The Recalcitrant Muse: Race, Sex and Historical Tension in the Search for the West Indian (Trans)subject
This paper explores the critical tensions surrounding the figure of 'Mariella' in Wilson Harris's Palace of the Peacock (later referred to as Palace). It examines the novel in its critical life by looking at the collective body of literary criticism on this text by Michael Gilkes, Hena Maes-Jelenik, and Sandra Drake. It makes two major arguments, the first methodological and the second textual. First, it argues that problems which arise in Harris's Palace are in fact compounded and exaggerated in its treatment in literary criticism. The second argument holds that the figure of Mariella is a recalcitrant element in Harris's work that resists the attempt to create a transcendent Creole subjectivity by Harris. This critique of Palace ultimately has implications for studies of Caribbean nationalism, Creole subjectivity, and our understanding of 'woman' as a complex and insufficiently elaborated historical category in Caribbean literary studies.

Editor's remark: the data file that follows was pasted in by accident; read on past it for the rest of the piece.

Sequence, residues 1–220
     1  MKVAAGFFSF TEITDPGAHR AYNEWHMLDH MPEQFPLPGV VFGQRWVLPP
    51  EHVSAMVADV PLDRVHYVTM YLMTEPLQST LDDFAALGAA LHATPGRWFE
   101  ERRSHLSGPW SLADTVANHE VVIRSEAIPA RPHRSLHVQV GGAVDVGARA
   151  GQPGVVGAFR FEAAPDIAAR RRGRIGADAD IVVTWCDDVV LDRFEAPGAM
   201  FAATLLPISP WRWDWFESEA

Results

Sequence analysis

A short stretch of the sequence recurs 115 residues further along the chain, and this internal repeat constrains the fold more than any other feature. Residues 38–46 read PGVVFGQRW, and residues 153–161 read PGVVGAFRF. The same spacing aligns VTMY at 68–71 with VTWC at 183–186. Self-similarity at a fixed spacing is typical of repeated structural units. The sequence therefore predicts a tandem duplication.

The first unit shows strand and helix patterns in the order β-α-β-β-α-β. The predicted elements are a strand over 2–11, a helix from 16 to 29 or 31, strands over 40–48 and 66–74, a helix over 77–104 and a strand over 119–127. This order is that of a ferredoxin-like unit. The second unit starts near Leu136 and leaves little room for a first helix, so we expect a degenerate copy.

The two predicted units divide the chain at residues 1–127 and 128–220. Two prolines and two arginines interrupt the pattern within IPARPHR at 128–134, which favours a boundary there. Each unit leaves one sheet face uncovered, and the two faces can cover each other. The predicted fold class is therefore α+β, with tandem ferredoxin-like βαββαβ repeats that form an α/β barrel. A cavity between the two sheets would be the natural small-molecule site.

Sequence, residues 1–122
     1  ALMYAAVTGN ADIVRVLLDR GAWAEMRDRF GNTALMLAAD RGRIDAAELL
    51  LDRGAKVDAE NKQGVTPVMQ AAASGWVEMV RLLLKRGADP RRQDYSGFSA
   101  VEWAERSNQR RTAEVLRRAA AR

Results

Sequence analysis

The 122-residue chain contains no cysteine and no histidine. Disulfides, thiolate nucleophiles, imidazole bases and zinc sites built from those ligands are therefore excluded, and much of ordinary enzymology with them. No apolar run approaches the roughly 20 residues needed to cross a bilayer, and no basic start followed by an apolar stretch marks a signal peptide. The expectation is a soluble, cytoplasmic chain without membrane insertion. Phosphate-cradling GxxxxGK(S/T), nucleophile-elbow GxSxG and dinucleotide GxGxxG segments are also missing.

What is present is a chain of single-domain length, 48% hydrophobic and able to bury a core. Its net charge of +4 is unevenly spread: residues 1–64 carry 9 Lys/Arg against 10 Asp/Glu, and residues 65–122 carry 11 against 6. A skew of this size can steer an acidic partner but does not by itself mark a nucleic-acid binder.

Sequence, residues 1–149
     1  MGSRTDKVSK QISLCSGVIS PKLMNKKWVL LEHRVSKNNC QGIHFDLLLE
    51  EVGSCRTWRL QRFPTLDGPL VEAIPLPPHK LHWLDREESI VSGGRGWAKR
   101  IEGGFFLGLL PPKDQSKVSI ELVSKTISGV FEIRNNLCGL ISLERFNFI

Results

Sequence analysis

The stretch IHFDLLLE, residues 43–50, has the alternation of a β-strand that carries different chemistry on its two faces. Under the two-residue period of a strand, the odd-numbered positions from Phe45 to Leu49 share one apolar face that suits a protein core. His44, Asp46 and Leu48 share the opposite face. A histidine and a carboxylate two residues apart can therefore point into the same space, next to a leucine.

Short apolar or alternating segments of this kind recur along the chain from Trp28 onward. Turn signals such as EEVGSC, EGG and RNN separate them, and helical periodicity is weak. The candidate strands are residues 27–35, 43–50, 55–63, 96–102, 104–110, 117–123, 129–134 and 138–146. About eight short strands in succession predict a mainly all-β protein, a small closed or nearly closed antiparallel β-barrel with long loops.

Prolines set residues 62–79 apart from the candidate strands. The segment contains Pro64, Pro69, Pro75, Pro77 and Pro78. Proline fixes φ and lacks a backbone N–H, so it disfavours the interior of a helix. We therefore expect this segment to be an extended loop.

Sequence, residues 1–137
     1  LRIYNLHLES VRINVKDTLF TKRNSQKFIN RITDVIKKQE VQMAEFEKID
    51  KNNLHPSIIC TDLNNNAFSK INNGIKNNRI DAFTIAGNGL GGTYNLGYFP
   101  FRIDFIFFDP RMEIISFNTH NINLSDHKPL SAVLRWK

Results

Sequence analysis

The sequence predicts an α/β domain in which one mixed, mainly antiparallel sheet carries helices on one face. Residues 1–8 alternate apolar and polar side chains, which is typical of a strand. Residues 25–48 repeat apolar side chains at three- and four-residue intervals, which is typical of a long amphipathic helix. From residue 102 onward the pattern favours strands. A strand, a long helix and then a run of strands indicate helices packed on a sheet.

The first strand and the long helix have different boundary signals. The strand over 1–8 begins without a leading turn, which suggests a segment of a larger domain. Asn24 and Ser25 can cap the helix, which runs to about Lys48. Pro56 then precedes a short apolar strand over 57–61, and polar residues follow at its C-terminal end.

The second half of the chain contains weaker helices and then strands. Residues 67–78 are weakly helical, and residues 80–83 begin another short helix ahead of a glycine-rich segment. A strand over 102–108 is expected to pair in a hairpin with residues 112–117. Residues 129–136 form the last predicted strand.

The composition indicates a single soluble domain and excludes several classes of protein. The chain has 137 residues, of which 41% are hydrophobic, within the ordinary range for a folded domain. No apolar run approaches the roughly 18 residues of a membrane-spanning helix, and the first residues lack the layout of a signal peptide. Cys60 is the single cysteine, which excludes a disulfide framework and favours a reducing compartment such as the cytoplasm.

Jackson, S. N.
(2004). The Recalcitrant Muse: Race, Sex and Historical Tension in the Search for the West Indian (Trans)subject. Caribbean Quarterly, 50 (3), 47-62.